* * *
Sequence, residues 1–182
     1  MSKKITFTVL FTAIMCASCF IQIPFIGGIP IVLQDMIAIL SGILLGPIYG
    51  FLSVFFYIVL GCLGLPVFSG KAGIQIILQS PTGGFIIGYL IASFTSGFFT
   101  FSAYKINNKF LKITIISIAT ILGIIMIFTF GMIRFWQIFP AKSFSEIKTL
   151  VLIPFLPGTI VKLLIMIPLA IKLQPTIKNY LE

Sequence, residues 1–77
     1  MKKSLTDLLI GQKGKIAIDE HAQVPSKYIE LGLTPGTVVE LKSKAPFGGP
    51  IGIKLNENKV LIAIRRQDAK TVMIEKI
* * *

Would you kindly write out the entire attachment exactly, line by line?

Sequence, residues 1–182
     1  MSKKITFTVL FTAIMCASCF IQIPFIGGIP IVLQDMIAIL SGILLGPIYG
    51  FLSVFFYIVL GCLGLPVFSG KAGIQIILQS PTGGFIIGYL IASFTSGFFT
   101  FSAYKINNKF LKITIISIAT ILGIIMIFTF GMIRFWQIFP AKSFSEIKTL
   151  VLIPFLPGTI VKLLIMIPLA IKLQPTIKNY LE

Sequence, residues 1–77
     1  MKKSLTDLLI GQKGKIAIDE HAQVPSKYIE LGLTPGTVVE LKSKAPFGGP
    51  IGIKLNENKV LIAIRRQDAK TVMIEKI